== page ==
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Learn how to compost at home

Posted on September 1, 2022

Hands holding composted soil

Authored by the Somerville Environmental Commission of Somerville, New Jersey

What is it?

Compost is organic material that can be added to soil to help plants grow. Food scraps and yard waste together currently make up more than 28% of what we throw away, and composting turns them into plant, tree and garden food! Making compost keeps these materials out of landfills and is easy to make inside or outside your home.

Why do it? And how is it beneficial?

There are many benefits that start right away and grow as you put more effort into it.


  • Enriches soil, helping to retain moisture and suppress plant diseases and pests
  • Reduces methane emissions from landfills and lowers your carbon footprint
  • Is lawn and garden insurance, moderating soil chemistry and can be applied at any time
  • Reduces or eliminates the need for chemical fertilizer

How do I start?

First: pick a place you want to put all your materials. It can be a spot outside on soil, patio, or walkway for larger piles; or inside for worm composting on a kitchen cabinet, basement or in a room.

Next: figure out what ingredients you can gather and in what type of bin you plan to put them all together.

What ingredients do I need?

This is the easy part because you can find them everywhere! There are 4 main ingredients to a great compost pile:

  • “Brown” materials: Dry leaves, pine needles, sawdust or wood shavings, paper, straw, twigs, dryer and vacuum cleaner lint, and dry vegetable stalks like corncobs and leaves. These are high in carbon.
  • “Green” materials: Coffee grounds and tea bags, kitchen scraps such as eggshells, fruit and veggie waste, potato peelings, fresh outdoor material like grass clippings, leaves or weeds, feather or hair, and other moist green matter. These are high in nitrogen.
  • Water. Some, but not too much. A good rule of thumb is to keep your compost pile as moist as a well-wrung sponge. Using an enclosed container or tarp covering will make it easy to keep the right moisture level.
  • Air. This is important for outdoor composting. The microorganisms that do all the work require a lot of oxygen. When you first put a pile together, there’s probably plenty of air and oxygen. But as the microorganisms get started, they will consume this oxygen and you need to turn or aerate your compost pile to keep them working at their best.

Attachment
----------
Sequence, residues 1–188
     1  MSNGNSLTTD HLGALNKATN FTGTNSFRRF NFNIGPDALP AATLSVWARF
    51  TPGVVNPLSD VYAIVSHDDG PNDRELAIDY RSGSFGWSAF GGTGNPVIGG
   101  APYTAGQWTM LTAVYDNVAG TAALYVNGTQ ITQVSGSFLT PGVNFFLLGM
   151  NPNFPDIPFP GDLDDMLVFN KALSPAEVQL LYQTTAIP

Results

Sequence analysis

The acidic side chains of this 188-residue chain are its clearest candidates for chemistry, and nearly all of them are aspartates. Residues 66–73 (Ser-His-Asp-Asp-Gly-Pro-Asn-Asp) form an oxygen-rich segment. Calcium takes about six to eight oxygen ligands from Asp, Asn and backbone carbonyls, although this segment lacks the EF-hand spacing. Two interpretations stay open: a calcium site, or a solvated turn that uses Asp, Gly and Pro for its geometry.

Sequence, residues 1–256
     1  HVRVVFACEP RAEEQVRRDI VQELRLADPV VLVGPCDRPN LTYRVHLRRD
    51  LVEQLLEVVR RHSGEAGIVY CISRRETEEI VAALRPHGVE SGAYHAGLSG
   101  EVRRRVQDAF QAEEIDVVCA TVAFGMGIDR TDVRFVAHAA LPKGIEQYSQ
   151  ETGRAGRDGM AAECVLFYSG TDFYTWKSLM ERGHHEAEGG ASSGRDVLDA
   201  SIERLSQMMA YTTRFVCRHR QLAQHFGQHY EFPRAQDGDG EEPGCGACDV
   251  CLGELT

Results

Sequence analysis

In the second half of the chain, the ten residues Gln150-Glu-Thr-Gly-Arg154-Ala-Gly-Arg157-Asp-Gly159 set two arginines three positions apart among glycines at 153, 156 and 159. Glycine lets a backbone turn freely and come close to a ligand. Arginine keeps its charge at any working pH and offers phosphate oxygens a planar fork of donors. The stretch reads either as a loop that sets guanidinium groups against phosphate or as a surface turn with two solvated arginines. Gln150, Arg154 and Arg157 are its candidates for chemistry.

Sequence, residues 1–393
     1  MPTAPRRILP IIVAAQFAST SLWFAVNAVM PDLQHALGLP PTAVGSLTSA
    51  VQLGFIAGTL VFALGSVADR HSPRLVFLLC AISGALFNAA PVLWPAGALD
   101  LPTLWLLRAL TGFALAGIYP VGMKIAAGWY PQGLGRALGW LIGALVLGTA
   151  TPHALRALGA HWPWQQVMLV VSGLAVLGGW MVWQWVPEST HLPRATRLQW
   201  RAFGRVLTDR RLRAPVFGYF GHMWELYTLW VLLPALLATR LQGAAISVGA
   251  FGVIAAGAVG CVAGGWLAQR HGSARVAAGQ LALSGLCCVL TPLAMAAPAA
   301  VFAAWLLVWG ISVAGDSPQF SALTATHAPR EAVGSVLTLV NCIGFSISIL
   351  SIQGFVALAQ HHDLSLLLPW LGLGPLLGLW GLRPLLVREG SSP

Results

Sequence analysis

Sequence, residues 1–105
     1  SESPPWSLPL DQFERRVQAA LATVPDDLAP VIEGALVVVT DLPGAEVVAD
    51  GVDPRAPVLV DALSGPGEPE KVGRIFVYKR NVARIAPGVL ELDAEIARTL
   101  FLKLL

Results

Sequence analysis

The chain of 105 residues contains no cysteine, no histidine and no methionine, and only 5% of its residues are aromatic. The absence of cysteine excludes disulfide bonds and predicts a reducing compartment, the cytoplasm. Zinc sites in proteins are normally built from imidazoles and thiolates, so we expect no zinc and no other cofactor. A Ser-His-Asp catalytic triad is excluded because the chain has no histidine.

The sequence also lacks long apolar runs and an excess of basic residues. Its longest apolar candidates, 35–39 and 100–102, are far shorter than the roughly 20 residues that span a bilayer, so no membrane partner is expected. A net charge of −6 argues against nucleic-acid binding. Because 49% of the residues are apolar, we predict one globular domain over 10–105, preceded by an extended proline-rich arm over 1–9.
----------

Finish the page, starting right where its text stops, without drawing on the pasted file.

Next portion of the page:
How do I get a Composting Bin?

There are several ways to make or buy them. After a small upfront investment of time and resources, it’s simple and easy. Also consider “upcycling” some old materials that are just lying around. Here are a few different ways you can make it at home:

  • Create a bin in your yard. You can make one using wire, a modified trash can, blocks, bricks or stone, wood pallets, or with wood. Find a book, search the internet, or ask a gardening expert for tips and how-to’s.
  • Purchase a bin for outside. There are several kinds, including stationary or tumbling bins that allow you make batches or continuous amounts of compost. You can find them at a store, online, or a gardening center.
  • Purchase or create a bin for indoors. Also known as worm composting, these watertight bins fit on a countertop or side table and need only kitchen scraps, a handful of worms and a stable temperature of about 50oF – 80oF to get going. The castings worms create is just as (or even more!) beneficial as other types of compost.

Someone shoveling compostable materials

Recipes and tips

All organic matter breaks down eventually, no matter what you do. If you simply use about 3 times as much “brown” materials as “green” materials, you’ll be off to a great start.

When making compost, your job is to provide the best possible environment for these beneficial organisms to do their work. If you do so, the decomposition process works very rapidly—sometimes in as little as four weeks. If you don’t provide the optimum environment, decomposition will still happen but will take longer.

Sample recipes

Recipe 1 – Spread the ingredients in 3-inch-deep layers to a height of 3 to 4 feet.

  • 1 part fresh grass clippings
  • 1 part dry leaves
  • 1 part good garden soil